Education is a must in fight for GBV prevention

Anolene Thangavelu Pillay is a psychology adviser. Picture: Supplied

Anolene Thangavelu Pillay is a psychology adviser. Picture: Supplied

Published Jun 30, 2024



Gender-based violence (GBV), a global pandemic, is a torment for humanity that is happening around us. It is almost an unending torment on human dignity that weakens a person’s sense of self-worth. It affects not only their physical health but also their mental health, causing them to self-harm, slip into depression or attempt suicide.

Current dialogues are centred on raising awareness of the magnitude and impact of GBV. Most essentially, a pressing need to strengthen and support the response across sectors due to its impact on many aspects of individual lives.

GBV is a term commonly used to describe violence that happens when normative role expectations and power imbalances between genders are fulfilled in a society.

Even though it is just one piece of the puzzle, the return of children and adolescents to classrooms and education is a step towards ending this human rights violation.

The purpose of this article is to explore the role education can play in preventing GBV, provide fulfilment to our pursuits and help us overcome it.

Today, GBV remains an obstacle to achieving each person’s true potential and their right to self-development. Life challenges are unpredictable, causing our learning paths to be neither easy nor straight.

Each person faces trials and may be guided by an alternative route with a few roadblocks. Those who stumble back on a learning path may find themselves in a better, unplanned destination. The individuals view failure as a way to sharpen their focus and learn.

Education and educational institutions can be instrumental in the gradual overcoming of GBV as it is preventable – critical information is presented to us during different stages of learning.

Gender inequalities and GBV prevention can be addressed and prevented through schools that offer normative change, including primary to higher educational institutions, vocational training and non-formal education. Education has, historically, been a potent instrument for transforming individuals and societies.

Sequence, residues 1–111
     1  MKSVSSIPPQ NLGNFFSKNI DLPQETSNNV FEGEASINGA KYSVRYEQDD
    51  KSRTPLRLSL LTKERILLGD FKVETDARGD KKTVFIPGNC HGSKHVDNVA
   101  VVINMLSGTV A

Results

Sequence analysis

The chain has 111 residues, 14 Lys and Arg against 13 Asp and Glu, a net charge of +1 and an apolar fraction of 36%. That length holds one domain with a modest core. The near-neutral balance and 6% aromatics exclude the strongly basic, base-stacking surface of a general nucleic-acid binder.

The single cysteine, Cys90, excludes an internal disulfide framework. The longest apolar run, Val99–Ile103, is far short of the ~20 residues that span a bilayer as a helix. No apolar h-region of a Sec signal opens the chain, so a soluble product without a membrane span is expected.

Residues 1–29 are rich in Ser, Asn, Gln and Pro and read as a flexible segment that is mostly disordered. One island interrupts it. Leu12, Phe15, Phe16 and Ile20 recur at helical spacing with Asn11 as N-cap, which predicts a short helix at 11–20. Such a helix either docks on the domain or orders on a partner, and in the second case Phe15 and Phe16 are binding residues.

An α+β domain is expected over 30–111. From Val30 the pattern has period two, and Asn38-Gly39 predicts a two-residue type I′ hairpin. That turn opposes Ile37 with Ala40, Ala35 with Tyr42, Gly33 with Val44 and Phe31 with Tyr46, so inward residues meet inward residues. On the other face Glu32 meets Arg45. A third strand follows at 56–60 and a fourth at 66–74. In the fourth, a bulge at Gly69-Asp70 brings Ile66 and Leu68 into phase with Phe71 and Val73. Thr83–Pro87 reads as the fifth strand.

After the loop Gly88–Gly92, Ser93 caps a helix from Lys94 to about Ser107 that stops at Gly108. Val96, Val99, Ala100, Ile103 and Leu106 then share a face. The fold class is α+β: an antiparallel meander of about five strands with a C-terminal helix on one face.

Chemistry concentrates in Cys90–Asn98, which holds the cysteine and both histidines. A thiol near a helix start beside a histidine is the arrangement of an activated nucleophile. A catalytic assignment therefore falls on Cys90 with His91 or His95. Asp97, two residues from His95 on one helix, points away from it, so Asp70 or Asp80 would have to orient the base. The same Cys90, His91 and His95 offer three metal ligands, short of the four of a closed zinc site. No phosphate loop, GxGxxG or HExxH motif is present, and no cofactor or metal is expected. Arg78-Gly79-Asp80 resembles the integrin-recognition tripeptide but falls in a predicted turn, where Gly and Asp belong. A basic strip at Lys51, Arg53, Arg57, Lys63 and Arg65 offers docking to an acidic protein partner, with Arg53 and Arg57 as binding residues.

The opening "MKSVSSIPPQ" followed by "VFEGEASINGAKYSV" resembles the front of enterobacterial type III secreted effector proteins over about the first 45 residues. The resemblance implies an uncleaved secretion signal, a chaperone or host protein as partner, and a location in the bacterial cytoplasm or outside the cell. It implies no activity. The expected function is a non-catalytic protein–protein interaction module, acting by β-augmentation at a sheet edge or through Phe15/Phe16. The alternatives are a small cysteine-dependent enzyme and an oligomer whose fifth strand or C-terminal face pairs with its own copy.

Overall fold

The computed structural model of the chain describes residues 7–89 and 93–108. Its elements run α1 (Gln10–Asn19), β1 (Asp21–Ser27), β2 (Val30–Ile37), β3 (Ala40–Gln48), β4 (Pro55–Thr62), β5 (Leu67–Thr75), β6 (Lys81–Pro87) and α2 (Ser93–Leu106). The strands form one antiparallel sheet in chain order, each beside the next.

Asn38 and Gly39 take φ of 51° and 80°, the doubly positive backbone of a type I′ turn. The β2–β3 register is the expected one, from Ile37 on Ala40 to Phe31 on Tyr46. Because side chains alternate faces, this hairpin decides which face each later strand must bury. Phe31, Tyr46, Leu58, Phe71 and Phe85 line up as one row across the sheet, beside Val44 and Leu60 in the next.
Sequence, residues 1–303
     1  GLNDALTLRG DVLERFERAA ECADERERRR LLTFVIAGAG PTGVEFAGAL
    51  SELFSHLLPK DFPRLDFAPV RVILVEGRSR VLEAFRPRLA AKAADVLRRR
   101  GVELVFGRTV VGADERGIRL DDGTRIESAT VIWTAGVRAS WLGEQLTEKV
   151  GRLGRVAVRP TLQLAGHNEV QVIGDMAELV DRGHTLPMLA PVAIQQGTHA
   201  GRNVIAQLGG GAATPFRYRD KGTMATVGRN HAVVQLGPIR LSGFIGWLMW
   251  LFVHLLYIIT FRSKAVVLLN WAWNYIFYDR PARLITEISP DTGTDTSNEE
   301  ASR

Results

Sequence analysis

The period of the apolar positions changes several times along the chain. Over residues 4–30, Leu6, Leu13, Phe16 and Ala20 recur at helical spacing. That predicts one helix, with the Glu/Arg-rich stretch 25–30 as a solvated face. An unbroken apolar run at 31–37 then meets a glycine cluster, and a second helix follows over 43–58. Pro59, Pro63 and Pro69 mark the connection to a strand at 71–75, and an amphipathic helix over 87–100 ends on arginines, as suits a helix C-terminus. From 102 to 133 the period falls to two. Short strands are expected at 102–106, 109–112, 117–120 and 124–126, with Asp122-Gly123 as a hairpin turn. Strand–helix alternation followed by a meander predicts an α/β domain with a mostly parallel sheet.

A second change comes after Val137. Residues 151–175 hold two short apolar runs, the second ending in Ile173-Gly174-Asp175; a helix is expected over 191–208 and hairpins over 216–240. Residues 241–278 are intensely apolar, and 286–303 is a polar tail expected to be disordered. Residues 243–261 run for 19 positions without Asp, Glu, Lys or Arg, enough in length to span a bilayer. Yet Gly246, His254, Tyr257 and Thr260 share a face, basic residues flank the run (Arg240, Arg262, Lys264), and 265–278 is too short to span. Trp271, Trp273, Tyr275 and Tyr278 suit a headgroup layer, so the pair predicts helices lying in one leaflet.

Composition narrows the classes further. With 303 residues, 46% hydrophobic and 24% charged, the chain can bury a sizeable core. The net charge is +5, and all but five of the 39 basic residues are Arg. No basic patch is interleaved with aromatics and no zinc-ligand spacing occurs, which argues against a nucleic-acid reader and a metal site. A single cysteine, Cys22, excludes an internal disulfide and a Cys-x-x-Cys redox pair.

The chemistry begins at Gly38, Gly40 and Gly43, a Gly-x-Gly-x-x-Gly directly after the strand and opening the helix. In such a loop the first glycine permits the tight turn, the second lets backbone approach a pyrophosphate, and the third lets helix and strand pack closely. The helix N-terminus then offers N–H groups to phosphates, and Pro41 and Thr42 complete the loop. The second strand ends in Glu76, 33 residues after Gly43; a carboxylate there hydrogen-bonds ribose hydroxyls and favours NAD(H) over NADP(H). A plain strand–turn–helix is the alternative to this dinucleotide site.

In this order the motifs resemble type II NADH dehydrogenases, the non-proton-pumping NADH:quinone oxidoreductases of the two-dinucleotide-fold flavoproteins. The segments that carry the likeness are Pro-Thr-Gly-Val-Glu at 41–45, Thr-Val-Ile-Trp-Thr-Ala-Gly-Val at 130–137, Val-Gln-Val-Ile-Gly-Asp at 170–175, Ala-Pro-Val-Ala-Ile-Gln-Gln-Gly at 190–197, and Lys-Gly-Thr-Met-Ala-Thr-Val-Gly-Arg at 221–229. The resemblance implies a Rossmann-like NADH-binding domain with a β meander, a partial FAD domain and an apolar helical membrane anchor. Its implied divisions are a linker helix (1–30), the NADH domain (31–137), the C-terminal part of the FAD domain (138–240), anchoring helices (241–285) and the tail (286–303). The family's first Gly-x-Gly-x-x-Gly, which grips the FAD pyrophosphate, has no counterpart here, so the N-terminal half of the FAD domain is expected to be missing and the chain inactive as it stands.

Through school-based programmes, GBV awareness is raised and victims’ skills are honed to achieve goals that reflect their future persona that has a strong self-worth. A 21st-century education has the capacity to provide pupils with the skills they require to succeed. Institutions that support their learners in enhancing their courage to practice ethical skills for a meaningful life, nurture thinkers who question life’s conundrums and solve problems for a progressive future.

With the availability of extensive information, learners can make sense of it, share it and use it in smart ways. As the world becomes more complicated, we must be more innovative to confront its challenges.

Success in today’s technological world requires skills like creativity and imagination. To overcome creative blocks and explore new realms of innovation, develop the ability to think outside the box and bring imaginative ideas to life.

Changes in life are inevitable and, therefore, what was important yesterday may not be important tomorrow – education enables individuals to adjust to changes and create new ideas.

In light of this, education is capable of saving and improving the lives of women and girls. Conversely, men who are educated are less inclined to engage in violence.

Early childhood torment, particularly for boys can have a profound impact and cause severe trauma. Boys who witness various forms of abuse develop the impression that the behaviour is justifiable or normal, which negatively affects their self-development.

Statistics indicate that abused boys become abusers themselves as they age, which can jeopardise their chances of having a normal life or relationships as adults.

Women are pushed to the margins of society by GBV, causing them to be helpless – regardless of their socio-economic background, race or culture.

Domestic violence or abuse refers to patterns of behaviour that a person uses to gain power and control over another person mainly in family or intimate relationships. Behaviours stem from physical, sexual or psychological abuse and other forms of toxic behaviour.

GBV and inequality are often justified by culture which involves traditional practices about how women should be treated. Men are socialised to remain silent and conform to cultural norms which are toxic on multiple levels.

Our goal is to challenge the spaces of power and gender roles that are defined by culture. After all, some practices and explanations do have an expiration date or cultural DNA, just as individual DNA changes with each generation.

Men now understand the urgency and refuse to react modestly to an abnormal situation. Men possess the capacity to promote a culture of non-violence that transcends personal boundaries and social norms.

To administer the uncertainties, society’s capacity to develop informed, empowered, ethical and adaptive citizens hinges on its capacity to cultivate a strong sense of community.

While GBV practices continue, some may conform to societal norms but it is those who take the initiative to challenge them that stand out.

Anolene Thangavelu Pillay is a psychology adviser.

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